Smart Buildings

4 Ways Integrators Are Impacted by the Increase in Fiber Demand

Ron Tellas

As you look to the future of business, there’s lots to take in: advanced robotics, machine learning, gesture recognition, autonomous vehicles, virtual reality, etc. These applications will call for more bandwidth, more data and more speed—which all point to the need for more fiber.


Demand for fiber has never been greater. It’s being deployed more often—and in new types of applications—because of its potential for unlimited bandwidth, built-in security, immunity to EMI/RFI noise and ability to handle vast amounts of traffic.


In the past, fiber deployment was typically reserved for a very specific purpose: to create physical connections between countries and continents. Over time, however, the use of fiber trickled down to establish links between cities and regions—and then to connect campuses and buildings.


Today, fiber is becoming even more localized. It can be found in greenfield and brownfield applications as part of in-building backbones and data centers, tech-forward stadiums and arenas, and state-of-the-art broadcast environments. It supports technology like passive optical networks (PONs), 5G, distributed antenna systems (DASs) and AV. And there are many more fiber use cases on the horizon.


For example, the industry is experiencing a trend called “fiber deep,” where cable or direct-broadcast TV systems and operators push fiber deeper into the network to move OTT content closer to customers. This prepares them to deliver more FTTx services in the future and provides their customers with excellent service and lower latency.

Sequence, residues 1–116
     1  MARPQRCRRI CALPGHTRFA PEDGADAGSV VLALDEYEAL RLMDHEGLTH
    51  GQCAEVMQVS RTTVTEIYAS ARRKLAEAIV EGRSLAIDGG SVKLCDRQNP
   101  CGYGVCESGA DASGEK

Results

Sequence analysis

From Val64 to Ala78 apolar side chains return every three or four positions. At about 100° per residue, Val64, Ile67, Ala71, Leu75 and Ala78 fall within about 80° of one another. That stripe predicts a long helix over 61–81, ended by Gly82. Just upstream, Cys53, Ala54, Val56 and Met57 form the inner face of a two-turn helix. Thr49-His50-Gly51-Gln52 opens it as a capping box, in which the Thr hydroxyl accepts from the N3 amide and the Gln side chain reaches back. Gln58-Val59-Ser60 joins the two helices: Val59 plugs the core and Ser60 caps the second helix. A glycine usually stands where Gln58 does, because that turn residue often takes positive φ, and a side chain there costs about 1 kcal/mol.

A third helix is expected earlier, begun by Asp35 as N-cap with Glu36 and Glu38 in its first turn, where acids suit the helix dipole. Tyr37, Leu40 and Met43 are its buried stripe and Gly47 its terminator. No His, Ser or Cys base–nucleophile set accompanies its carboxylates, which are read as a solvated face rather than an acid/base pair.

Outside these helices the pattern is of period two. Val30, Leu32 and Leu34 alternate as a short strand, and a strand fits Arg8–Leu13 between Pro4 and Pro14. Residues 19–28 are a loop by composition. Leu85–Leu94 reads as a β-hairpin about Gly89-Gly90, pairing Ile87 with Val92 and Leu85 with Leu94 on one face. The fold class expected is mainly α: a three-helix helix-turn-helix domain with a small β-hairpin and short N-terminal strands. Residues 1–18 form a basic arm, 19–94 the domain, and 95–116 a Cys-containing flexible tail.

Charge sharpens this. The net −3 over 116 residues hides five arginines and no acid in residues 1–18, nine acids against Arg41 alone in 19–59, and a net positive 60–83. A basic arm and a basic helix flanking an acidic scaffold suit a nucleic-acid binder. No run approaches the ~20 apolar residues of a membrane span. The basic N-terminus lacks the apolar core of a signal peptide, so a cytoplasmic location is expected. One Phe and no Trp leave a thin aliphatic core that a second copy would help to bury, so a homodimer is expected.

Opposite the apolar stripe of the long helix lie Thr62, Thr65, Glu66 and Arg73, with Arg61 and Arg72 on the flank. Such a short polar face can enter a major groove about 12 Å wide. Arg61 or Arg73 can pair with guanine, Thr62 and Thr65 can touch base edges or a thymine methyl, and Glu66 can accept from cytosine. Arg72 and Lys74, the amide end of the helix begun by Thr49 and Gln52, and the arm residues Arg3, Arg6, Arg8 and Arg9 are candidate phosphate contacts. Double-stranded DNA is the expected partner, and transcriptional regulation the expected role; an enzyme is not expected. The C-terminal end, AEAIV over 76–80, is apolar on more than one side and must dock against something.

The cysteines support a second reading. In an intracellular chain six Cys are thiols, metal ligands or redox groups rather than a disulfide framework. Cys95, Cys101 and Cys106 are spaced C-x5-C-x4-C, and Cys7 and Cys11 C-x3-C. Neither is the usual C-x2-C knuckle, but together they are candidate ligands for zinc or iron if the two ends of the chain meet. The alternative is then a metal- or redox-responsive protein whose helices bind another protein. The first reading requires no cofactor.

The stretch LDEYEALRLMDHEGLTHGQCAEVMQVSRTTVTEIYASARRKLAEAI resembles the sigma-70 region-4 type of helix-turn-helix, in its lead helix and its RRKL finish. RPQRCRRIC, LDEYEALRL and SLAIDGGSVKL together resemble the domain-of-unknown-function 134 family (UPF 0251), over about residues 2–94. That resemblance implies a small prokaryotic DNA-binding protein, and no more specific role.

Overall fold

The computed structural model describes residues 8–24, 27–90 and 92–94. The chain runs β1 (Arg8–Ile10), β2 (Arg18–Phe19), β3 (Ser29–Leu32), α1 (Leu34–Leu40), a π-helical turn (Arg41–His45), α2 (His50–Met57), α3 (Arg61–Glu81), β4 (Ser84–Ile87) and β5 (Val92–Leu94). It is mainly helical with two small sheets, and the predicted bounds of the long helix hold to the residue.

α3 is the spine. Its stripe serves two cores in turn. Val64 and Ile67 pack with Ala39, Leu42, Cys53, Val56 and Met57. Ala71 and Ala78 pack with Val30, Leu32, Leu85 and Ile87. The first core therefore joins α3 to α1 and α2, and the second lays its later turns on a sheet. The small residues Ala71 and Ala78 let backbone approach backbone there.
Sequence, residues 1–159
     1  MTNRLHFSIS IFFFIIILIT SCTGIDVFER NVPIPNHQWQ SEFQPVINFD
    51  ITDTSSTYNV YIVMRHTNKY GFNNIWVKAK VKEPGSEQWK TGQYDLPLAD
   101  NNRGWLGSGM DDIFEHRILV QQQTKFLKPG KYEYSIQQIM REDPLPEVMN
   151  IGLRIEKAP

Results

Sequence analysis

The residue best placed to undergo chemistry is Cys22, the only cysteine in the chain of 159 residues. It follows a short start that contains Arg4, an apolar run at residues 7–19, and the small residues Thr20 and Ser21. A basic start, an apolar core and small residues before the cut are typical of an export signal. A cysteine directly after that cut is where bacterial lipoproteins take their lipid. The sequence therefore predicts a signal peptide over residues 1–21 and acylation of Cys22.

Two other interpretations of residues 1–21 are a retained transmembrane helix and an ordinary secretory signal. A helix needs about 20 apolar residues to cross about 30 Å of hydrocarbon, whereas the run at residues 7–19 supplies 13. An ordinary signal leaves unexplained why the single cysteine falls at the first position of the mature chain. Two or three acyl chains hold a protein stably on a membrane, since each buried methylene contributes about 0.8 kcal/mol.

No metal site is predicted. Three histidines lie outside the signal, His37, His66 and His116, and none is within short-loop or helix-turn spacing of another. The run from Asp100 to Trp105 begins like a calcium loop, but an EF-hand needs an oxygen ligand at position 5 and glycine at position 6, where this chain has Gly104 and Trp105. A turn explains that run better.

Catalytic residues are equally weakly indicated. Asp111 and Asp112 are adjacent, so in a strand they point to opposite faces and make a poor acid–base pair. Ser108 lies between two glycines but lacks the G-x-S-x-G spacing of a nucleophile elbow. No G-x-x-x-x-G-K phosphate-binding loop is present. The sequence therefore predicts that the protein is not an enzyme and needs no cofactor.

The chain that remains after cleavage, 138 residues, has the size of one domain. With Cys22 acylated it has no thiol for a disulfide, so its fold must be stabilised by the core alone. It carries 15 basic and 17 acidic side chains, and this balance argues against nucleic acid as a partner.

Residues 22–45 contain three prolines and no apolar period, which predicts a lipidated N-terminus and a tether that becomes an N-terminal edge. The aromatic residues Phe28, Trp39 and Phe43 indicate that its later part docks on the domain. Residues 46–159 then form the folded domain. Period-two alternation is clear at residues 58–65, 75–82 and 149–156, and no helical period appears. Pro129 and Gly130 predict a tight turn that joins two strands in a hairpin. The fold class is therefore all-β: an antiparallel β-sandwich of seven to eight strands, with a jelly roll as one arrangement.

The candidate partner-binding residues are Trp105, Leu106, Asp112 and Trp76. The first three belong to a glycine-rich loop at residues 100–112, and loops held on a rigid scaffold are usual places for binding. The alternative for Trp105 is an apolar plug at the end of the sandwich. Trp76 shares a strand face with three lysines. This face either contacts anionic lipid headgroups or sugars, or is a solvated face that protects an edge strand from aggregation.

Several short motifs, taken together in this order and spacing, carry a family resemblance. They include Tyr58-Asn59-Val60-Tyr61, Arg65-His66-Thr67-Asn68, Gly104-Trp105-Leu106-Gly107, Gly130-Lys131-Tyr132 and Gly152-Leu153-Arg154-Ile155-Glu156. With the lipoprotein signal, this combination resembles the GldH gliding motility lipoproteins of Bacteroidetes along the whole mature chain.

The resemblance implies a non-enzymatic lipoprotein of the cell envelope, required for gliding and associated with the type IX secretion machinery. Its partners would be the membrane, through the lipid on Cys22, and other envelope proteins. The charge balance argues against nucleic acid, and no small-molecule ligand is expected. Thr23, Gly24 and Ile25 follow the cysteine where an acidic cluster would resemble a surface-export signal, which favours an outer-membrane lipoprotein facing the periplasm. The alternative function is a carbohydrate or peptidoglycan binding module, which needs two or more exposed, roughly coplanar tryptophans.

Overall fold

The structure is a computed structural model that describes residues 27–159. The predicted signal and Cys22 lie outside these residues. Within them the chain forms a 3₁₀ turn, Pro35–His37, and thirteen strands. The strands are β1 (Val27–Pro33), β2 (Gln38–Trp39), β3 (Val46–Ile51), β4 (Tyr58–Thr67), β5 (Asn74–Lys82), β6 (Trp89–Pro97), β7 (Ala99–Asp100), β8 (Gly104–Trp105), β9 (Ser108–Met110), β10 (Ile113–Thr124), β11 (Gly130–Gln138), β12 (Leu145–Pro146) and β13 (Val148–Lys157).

As new use cases continue to emerge, there are four things integrators need to know about how fiber will affect their work.


1. Many more technicians will be needed to install fiber

While there are some similarities between fiber and copper cable deployment, there are also some considerable differences:


  • Fiber cable works differently than copper cable. Copper transmits signals in the form of electrical pulses while fiber transmits signals in the form of light pulses.
  • Fiber uses a different vernacular than copper cable (“connectors and adapters” vs. “jacks and plugs,” for example).
  • Fiber cables are more fragile than copper cables, so they must be handled differently to avoid damage during installation.
  • Cleanliness is important in fiber installation. One dirty connection can reduce optical signal strength.


As more enterprises rely on fiber to support data-heavy applications like artificial intelligence, automation and virtual reality, integrators will need more qualified technicians and installers to install fiber systems.


In the telecommunications industry, for example, it’s predicted that the prevalence of fiber broadband networks and 5G alone will create the need for 850,000 additional fiber tech jobs between now and 2025!


In addition to hiring more workers, you might want to also start searching for fiber solutions that are faster and easier to install so your technicians can get more done in less time.